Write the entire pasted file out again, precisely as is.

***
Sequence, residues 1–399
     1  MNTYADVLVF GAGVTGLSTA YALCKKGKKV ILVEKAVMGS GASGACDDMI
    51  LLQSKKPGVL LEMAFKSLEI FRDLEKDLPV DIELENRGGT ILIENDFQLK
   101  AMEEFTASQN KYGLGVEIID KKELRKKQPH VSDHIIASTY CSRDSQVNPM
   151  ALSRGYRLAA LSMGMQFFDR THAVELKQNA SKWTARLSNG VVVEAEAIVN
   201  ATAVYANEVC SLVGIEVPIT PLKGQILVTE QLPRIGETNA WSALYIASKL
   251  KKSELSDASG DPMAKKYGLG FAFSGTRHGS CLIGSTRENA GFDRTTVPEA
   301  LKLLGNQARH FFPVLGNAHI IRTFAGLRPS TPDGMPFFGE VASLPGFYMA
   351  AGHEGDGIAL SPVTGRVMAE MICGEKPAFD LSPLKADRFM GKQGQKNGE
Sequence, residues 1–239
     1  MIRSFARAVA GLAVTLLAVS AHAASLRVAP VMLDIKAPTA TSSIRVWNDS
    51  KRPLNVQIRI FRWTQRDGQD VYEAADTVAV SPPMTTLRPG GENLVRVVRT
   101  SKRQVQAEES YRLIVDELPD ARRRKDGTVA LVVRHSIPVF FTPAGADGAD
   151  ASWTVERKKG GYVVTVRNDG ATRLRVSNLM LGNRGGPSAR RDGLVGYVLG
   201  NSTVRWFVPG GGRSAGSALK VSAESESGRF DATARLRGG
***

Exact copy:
Sequence, residues 1–399
     1  MNTYADVLVF GAGVTGLSTA YALCKKGKKV ILVEKAVMGS GASGACDDMI
    51  LLQSKKPGVL LEMAFKSLEI FRDLEKDLPV DIELENRGGT ILIENDFQLK
   101  AMEEFTASQN KYGLGVEIID KKELRKKQPH VSDHIIASTY CSRDSQVNPM
   151  ALSRGYRLAA LSMGMQFFDR THAVELKQNA SKWTARLSNG VVVEAEAIVN
   201  ATAVYANEVC SLVGIEVPIT PLKGQILVTE QLPRIGETNA WSALYIASKL
   251  KKSELSDASG DPMAKKYGLG FAFSGTRHGS CLIGSTRENA GFDRTTVPEA
   301  LKLLGNQARH FFPVLGNAHI IRTFAGLRPS TPDGMPFFGE VASLPGFYMA
   351  AGHEGDGIAL SPVTGRVMAE MICGEKPAFD LSPLKADRFM GKQGQKNGE
Sequence, residues 1–239
     1  MIRSFARAVA GLAVTLLAVS AHAASLRVAP VMLDIKAPTA TSSIRVWNDS
    51  KRPLNVQIRI FRWTQRDGQD VYEAADTVAV SPPMTTLRPG GENLVRVVRT
   101  SKRQVQAEES YRLIVDELPD ARRRKDGTVA LVVRHSIPVF FTPAGADGAD
   151  ASWTVERKKG GYVVTVRNDG ATRLRVSNLM LGNRGGPSAR RDGLVGYVLG
   201  NSTVRWFVPG GGRSAGSALK VSAESESGRF DATARLRGG